[lvs-users] combining load balancing with session persistence

To: lvs-users@xxxxxxxxxxxxxxxxxxxxxx
Subject: [lvs-users] combining load balancing with session persistence
From: Dennis Allard <allard.dennis@xxxxxxxxx>
Date: Mon, 8 Mar 2010 15:25:51 -0800
I'd like to get people's reaction to my ideas for how to combine
IP-based load balancing with the requirements for persistence
at the application session level.

I am not an expert in LVS load balancing but I do know  my
network layers and TCP/IP stuff.

Yesterday, I had to help deal with the "ARP problem" in the
LVS load balancer, the details of which I will spare you.

Note, I did not set up LVS, nor did I configure it.  I work
more on our database and application code.  However, I have
thought about load balancing and have some basic questions
about what appear to be mis-designs and incorrect uses of
load balancing when it comes to coping with application
level persistence (such as "cookies", etc.).

Many systems are designed to use IP-based load balancing.  This
presents the problem of how to allow for application level
persistence.  A typical solution seems to be to peg a given
source-IP/destination TCP port (or ports) to map to a specific
virtual IP.

That solution has the following problems:

1. client IP numbers can change from one TCP conversation to
  another.  They usually don't, but they could.  There is no
  IETF standard preventing IP "drift" in the client.

2. Pegging the destination virtual IP based on the source IP
  is not an optimal way to distribute load.  Ideally, you would
  like to fully randomize load and only maintain a persistent
  mapping of client IP to real server IP for the duration of
  a single TCP conversation.

I propose that a better solution is to use IP-based load balancing
only up to the point at which an application-level session is
established.  At that point, the application should redirect the
communication to a static IP that is not load balanced.

In this way, you get the best of both worlds:

1. IP number of a client changing is no longer a problem since
  the load balancer is only involved in TCP conversations and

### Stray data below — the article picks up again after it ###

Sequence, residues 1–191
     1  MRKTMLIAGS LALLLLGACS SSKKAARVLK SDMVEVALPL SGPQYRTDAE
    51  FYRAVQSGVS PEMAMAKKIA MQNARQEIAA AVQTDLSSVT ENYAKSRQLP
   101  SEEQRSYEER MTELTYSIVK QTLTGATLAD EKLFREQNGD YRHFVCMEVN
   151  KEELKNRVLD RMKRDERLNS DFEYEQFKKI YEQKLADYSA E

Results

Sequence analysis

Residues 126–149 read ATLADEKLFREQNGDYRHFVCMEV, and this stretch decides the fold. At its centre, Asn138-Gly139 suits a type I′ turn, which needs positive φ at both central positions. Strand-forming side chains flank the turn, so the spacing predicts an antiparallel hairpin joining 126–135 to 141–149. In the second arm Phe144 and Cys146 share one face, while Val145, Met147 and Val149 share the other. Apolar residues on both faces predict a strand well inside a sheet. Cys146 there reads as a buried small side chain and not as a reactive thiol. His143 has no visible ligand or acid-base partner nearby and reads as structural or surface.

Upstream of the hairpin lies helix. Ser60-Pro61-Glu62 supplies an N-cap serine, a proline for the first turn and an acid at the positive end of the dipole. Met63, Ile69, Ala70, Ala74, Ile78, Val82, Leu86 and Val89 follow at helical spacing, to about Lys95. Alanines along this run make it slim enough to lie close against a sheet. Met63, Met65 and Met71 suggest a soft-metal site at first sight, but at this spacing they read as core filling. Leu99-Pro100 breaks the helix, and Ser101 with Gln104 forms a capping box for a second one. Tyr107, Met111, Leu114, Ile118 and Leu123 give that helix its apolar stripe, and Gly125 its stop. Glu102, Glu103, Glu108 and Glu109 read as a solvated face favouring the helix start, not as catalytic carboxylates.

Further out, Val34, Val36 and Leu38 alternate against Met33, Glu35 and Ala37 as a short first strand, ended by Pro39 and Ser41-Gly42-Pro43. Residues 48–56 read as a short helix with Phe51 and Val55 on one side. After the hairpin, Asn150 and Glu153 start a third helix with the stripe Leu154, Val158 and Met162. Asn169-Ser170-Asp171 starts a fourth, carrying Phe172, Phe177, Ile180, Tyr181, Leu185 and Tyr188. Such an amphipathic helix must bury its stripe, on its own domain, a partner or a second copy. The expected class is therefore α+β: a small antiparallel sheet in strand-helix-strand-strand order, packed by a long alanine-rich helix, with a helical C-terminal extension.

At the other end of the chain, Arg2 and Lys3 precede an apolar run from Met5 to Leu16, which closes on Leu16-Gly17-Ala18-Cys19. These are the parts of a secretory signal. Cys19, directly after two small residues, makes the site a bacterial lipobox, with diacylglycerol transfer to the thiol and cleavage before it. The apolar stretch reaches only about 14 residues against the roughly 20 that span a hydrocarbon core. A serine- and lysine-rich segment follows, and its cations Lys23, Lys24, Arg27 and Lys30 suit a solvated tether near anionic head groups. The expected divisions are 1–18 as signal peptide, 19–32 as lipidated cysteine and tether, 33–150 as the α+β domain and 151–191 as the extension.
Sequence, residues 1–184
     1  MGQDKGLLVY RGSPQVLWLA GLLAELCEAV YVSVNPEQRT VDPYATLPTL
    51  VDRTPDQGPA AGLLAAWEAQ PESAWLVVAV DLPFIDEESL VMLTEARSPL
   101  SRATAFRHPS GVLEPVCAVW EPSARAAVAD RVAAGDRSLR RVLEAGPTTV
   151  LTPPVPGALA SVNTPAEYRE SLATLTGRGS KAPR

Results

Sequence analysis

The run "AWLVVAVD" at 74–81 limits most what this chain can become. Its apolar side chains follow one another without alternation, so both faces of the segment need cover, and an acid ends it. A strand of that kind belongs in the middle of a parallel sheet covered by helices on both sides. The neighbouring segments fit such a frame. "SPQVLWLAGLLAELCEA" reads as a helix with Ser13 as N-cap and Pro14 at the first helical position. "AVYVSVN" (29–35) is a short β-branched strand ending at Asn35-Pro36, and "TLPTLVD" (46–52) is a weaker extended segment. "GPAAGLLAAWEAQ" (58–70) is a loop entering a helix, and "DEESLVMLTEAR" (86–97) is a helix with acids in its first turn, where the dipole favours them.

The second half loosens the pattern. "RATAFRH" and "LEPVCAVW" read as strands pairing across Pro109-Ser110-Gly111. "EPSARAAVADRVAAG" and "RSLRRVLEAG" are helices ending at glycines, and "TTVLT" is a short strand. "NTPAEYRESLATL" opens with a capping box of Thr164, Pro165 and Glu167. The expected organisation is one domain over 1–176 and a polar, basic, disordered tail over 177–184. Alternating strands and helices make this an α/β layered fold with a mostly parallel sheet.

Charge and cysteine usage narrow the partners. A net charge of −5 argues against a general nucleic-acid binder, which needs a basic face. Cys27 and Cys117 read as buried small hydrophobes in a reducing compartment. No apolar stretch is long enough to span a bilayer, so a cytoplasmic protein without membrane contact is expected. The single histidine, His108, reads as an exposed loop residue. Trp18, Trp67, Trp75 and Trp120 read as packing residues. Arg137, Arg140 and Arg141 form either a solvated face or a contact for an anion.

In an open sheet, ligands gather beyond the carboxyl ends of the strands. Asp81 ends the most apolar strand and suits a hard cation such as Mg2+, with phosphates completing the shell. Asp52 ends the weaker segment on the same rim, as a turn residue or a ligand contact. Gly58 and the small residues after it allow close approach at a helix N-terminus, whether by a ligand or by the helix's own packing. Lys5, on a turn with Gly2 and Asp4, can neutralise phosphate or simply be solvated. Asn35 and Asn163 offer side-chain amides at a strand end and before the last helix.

is no longer concerned with session-level persistence since
  once the real server starts a session it informs the client
  to use a real IP to continue the application level session.

2. The load balancer can do fully random source-IP-to-virt-IP
  mappings, since the only persistence needed is now for
  single TCP conversations

To summarize...  Use LVS load balancing in an optimal way to
randomize the selection of web servers (say) and then, once
a session is started (usually a few "screens" into the user-
level use of a web site), have the application refer to a
static IP (its own non-virtual IP) to handle the rest of the
user-level session.

What do you think?

There is still the issue of Fail Over for the case of a server
having active sessions.

Another problem I saw in the LVS HOWTO was a suggestion to deal
with session data by copying session data to all real servers.
That, of course, is not practical.

But, what is practical, as a way to achieve fail-over of the
real server, is to copy session data from a pool of real servers
to a **single** stand-by server.  In the event of fail-over of any
one machine in the pool, you arrange for that stand-by to come
up in the place of the failed server.

In this way, only one copy operation needs to be done per
real server - i.e. N servers do N copy operations, as opposed
the bad idea in the LVS HOWTO of doing NxN copy operations.

This can be done via a heart-beat active/passive kind of
fail over scenario and, I believe, done in a way that is
independent of the servers being directed to by LVS.

Your thoughts?

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